Context: (From a discussion on the Agile Modeling list.)
- [XP] does not [directly] address all kinds of specialized techniques. XP trusts that teams will notice that they need specialized techniques, and arrange to get them. It makes sure that they can notice, by having so much feedback so often.
- Ron, I'm interested how this works. I'm assuming by specialised techniques here you include those from the development domain as well as the problem subject matter. If so, how does feedback help a developer notice that e.g. mathematical proof might be a valid specialised technique for a project if they'd never come across it before?
Feedback is Illumination, not Solution
Feedback doesn’t provide solutions, it illuminates problems. Feedback might say “Hmm, no matter how much we test this kind of code, we still get these kinds of defects. We’re not satisfied with our results, therefore we need to do something in addition.”
Feedback tells you when your current steering isn’t keeping you on the road. It doesn’t tell you what to do next. In my quote above, I said “XP trusts that the team will notice”, and I used the word “trusts” advisedly.
Trust vs Control
To somewhat overstate my point: XP and the agile methods are about trust, the heavy methods are about imposed control. I’ll sketch a bit of detail:
XP is a minimalist kind of process, by design. It says that if you do “just these few things” things you will have enough information to be able to steer a wide range of projects.
The RUP or the CMM are exactly the reverse. They are maximalist kinds of process. They provide a complete menu of techniques, from which you are supposed to select a subset.
Again: this is an overstatement to highlight a distinction that is not so clear in the wild. But I think there’s a valid point here: Agile methods try to steer from within; heavy methods try to control from without.
XP and Technique
XP is not a degree in computer science or software engineering. If you have such a degree, you can do better than if you are a beginner. (At least those of us with such degrees hope so.) However, even a beginner using XP can tell when he’s off track. We trust that he’ll figure out what to do about it, up to and including getting help.
The XP books do, of course, describe techniques. There are a number of reasons why they do that. I’ll list a few here, in decreasing order of XP-relatedness.
- Show how simply we really mean for you to start;
- Give examples of how to vary practices within the "XP spirit";
- Give examples of how to supplant practices that may be too heavy;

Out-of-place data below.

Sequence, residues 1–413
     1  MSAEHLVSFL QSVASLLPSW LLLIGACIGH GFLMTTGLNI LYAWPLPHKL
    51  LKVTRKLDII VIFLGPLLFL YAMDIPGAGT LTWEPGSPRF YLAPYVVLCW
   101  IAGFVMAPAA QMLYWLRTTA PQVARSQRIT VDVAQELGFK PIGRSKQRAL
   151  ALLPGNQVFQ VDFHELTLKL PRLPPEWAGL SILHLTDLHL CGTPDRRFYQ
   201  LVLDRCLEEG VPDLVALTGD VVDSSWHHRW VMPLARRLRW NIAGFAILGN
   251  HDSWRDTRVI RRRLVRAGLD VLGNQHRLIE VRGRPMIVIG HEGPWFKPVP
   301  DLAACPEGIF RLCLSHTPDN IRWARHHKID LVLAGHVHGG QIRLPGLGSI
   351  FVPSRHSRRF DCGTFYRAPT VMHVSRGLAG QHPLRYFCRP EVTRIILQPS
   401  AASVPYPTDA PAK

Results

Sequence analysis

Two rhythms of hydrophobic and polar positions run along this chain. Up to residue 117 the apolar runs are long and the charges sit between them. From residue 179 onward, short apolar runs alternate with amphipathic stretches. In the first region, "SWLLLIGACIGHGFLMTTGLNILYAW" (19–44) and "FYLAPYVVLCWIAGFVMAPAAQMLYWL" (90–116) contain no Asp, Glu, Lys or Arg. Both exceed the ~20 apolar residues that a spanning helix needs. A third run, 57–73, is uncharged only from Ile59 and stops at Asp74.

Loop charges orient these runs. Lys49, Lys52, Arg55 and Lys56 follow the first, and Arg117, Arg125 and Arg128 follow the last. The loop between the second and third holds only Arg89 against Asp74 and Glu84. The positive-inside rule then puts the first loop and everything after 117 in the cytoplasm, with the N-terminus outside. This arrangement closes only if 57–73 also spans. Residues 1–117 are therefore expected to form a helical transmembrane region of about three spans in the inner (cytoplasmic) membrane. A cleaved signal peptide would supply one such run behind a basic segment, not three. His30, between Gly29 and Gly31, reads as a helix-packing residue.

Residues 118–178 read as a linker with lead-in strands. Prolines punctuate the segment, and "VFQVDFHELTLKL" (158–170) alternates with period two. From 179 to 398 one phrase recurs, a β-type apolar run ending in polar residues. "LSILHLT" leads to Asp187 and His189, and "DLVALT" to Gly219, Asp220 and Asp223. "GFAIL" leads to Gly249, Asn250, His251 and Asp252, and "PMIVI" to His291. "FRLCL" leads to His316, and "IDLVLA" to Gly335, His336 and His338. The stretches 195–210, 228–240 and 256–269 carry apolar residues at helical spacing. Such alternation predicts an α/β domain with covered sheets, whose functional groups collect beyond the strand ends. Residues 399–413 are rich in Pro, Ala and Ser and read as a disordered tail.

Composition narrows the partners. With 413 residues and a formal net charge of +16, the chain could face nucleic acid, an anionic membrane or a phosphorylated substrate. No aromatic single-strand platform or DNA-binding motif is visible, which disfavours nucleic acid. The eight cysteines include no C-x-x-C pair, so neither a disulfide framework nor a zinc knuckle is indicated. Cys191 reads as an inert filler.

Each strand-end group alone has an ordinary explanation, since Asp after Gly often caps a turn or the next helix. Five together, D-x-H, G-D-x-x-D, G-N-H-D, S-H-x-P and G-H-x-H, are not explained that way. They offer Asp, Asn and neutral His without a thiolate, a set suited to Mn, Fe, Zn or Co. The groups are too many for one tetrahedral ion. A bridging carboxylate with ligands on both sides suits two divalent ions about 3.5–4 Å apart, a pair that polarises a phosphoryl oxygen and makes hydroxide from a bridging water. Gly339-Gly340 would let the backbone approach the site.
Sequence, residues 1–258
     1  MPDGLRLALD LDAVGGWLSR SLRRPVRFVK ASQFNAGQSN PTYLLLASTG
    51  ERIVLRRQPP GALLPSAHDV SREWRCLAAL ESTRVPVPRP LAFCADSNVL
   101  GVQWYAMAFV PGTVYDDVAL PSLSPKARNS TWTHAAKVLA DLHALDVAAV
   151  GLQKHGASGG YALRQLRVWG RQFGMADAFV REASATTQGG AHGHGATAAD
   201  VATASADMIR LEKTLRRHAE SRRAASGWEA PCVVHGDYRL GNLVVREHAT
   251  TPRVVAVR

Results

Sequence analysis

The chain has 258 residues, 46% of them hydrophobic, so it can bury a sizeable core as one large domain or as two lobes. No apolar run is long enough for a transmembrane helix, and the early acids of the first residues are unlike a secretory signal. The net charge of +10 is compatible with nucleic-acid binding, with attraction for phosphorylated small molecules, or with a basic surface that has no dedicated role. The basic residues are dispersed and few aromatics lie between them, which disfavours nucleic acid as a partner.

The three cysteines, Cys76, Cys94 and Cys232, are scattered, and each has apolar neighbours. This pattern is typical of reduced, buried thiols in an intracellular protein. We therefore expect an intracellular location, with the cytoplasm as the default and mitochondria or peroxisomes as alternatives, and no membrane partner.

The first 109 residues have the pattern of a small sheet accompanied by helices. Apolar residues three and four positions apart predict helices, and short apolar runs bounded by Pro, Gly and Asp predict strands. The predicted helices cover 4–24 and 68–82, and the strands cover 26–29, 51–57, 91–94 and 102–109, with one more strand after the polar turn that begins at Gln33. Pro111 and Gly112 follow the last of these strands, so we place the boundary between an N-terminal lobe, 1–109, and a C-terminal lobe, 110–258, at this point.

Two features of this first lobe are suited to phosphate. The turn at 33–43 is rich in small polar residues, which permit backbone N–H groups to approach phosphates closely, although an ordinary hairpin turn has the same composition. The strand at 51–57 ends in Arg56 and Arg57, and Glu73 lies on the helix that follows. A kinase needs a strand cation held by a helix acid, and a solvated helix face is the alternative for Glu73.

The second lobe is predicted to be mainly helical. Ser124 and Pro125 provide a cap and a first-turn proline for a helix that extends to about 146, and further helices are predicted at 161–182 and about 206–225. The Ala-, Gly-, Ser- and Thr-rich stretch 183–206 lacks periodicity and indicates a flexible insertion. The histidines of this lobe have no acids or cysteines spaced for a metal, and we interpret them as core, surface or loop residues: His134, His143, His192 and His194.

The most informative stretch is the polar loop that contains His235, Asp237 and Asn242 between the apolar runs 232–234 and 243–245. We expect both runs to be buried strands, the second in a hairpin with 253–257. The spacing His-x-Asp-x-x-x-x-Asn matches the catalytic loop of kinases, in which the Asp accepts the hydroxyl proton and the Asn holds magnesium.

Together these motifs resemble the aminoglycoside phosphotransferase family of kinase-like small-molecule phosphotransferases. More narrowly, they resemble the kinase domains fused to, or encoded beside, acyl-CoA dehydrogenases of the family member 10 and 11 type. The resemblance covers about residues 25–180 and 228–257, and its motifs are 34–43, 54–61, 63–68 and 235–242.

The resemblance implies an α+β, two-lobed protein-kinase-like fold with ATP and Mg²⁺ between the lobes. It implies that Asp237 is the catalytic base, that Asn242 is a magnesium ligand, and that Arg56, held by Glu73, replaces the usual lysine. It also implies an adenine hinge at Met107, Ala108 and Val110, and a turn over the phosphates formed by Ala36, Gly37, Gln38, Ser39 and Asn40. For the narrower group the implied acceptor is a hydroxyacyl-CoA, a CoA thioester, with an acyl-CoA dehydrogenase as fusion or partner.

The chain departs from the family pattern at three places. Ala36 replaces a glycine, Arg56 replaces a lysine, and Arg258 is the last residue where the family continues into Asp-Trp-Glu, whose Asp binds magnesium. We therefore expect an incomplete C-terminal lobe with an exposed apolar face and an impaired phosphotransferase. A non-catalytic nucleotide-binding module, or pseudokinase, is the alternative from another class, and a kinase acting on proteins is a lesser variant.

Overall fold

- Show off how smart we are.
Specific Method or Process Framework
XP is described as if it were a specific instance, and its authors expect that you’ll customize it to make your own specific method. XP authors recommend that you start with pure XP. No one does, of course.
Scrum is scarcely described at all. Its authors are now pushing “XBreed”, a combination of Scrum planning and XP execution. Scrum itself can be described as a planning method with most everything else left open.
Alistair Cockburn’s Crystal is a more explicit process framework, dimensioning projects by size, criticality, and project priorities such as productivity or minimization of legal liability. Alistair begins the process of identifying which practices one might choose depending on where one is in the matrix.
The RUP and CMM are by design process frameworks, from which you are expected to create an instance. They list every conceivable “best practice”. You are supposed to pick the ones you need, but the process doesn’t provide feedback that will tell you if you have picked the wrong combination.
Selecting a Technique
So how do you select “mathematical proof”? Generally in these ways:
- You are told by some leader to do it, or
- You have studied the technique and at some point you decide to try it.
How do you know when to select mathematical proof? Generally in these ways:
- Motivated by fear, you rule it in to your process as a matter of course, or
- Motivated by need, you bring it in when nothing less seems to be working.
Waiting for Need is Dangerous
But hey! Isn’t it awfully risky to wait until a need is shown? Well, it could be, but I suggest that usually it might not be as dangerous as we fear. Suppose your process happens to throw off very accurate quality information without killing people in the process. Then you can use your quality measures safely and install additional techniques late in the process.
If you do not have accurate quality information coming out all the time, then you may well choose to act more “conservatively”, and use all kinds of controlling techniques to ensure that nothing goes wrong.
This last is the approach taken by those who build life-critical software, embedded medical devices, avionics, and the like. We’re all glad that they do it that way, except when we pay the bill. On those days, we might turn our minds to whether there is a way to do it that doesn’t require quite so many belts and suspenders.
The agile methods focus on bringing the team together and providing enough information feedback to enable the team to know that more powerful techniques may be needed. In general, the agile method does not formally specify what technique, or when or how to use it. Most practical writings on any given agile method will give examples of some techniques, but this is more to communicate the spirit of the process rather than to specify it tightly.
By their nature, agile process are not, and should not be, specified tightly.